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Logan Paul to buy back NFTs sold to CryptoZoo investors, but there’s a catch

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Logan Paul has announced that he intends to repurchase eggs associated with the unsuccessful non-fungible token (NFT) game CryptoZoo, committing $2.3 million to the cause. However, individuals seeking a buy-back must agree not to pursue any legal action against Paul, including the ongoing class action lawsuit against him.

The opportunity to claim the buybacks is available until Feb 8, and Paul is offering claimants 0.1 Ethereum (ETH) for each eligible returned NFT, equivalent to approximately $224. Although this amount is less than what claimants may be entitled to if the class action lawsuit is successful, it is still a form of compensation.

CryptoZoo’s basic buy-in included ‘Base Animals’ or ‘Base Eggs’, which were NFTs intended for in-game use. The game, initially promoted on YouTube in August 2021, was projected to be a lucrative and enjoyable game but was never completed.

Base Eggs and Base Animals were often priced at over 1 ETH each, which is more than $2200. Therefore, the buy-back amount offered by Paul is significantly lower. With the added condition that claimants “are waiving any actual or anticipated claims against Paul,” there is speculation that Paul is attempting to limit his financial losses.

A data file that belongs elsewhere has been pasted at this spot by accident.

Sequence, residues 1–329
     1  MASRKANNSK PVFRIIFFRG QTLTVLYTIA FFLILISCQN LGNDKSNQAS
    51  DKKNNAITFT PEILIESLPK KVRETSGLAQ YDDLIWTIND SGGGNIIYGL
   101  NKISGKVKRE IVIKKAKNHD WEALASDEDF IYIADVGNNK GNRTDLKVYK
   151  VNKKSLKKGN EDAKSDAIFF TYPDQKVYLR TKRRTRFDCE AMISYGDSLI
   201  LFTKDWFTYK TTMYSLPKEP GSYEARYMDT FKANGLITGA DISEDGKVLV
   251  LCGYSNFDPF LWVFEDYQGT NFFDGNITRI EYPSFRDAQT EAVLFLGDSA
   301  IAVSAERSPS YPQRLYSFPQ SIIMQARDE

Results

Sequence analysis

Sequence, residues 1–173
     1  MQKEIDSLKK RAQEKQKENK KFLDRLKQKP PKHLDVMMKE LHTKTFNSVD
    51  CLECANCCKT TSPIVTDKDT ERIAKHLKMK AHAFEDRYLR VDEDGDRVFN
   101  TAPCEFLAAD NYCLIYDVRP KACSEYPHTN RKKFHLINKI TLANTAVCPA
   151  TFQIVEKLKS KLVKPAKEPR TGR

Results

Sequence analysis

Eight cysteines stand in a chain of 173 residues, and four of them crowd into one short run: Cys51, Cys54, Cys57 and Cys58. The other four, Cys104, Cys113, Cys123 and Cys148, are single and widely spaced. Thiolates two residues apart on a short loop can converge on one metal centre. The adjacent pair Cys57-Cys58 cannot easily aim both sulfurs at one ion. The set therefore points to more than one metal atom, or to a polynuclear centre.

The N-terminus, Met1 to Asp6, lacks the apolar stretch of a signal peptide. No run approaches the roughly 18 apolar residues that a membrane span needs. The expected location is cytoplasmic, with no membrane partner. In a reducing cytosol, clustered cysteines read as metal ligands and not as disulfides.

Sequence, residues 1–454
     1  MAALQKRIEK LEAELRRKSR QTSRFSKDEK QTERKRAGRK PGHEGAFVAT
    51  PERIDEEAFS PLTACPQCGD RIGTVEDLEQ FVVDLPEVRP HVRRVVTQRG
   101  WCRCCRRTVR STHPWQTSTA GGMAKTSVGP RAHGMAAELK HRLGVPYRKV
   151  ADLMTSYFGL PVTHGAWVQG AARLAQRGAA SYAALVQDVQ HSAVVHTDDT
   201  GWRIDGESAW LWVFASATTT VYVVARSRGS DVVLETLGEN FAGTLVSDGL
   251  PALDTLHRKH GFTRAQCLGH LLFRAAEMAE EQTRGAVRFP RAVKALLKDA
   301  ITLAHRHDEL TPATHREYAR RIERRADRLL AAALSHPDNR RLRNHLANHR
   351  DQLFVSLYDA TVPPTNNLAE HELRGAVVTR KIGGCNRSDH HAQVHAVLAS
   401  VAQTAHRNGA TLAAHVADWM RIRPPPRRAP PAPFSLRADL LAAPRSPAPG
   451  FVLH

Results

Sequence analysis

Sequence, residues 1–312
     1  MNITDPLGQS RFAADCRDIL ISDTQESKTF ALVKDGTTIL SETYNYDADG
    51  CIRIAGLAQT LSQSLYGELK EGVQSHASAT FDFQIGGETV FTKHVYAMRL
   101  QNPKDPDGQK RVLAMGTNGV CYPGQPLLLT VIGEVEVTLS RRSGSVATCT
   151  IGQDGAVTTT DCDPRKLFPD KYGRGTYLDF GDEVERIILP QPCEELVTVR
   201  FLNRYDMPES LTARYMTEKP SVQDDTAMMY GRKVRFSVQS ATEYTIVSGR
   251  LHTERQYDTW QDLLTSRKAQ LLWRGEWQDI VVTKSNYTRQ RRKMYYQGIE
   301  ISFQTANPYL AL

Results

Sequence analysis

Logan Paul faces class action lawsuit over CryptoZoo

The damages from a class action lawsuit can include full refunds of the initial investment, as well as additional damages and fees. According to Rob Freund, a lawyer interviewed by TechCrunch, “Paul may be betting (or at least hoping) that enough people who would otherwise be potential class members will take him up on this offer and drastically reduce his potential exposure in the pending case by doing so.” This could potentially lead to a more favorable settlement for Paul.

This week, Paul filed a counterclaim to the class action suit, accusing two individuals involved in the game of being “con artists” who “sabotaged” CryptoZoo. He has made the full counterclaim document public.

Paul asserts that he did not profit from CryptoZoo, claiming, “In fact, the opposite is true, because I spent hundreds of thousands of dollars trying to make it happen.” He also stated that the game will not be released, revealing that he spent $400,000 on its development and encountered unforeseen regulatory obstacles that would further delay the buy-back process.

Featured image credit: Erik Drost via Wikimedia Commons and @CryptoZooCo

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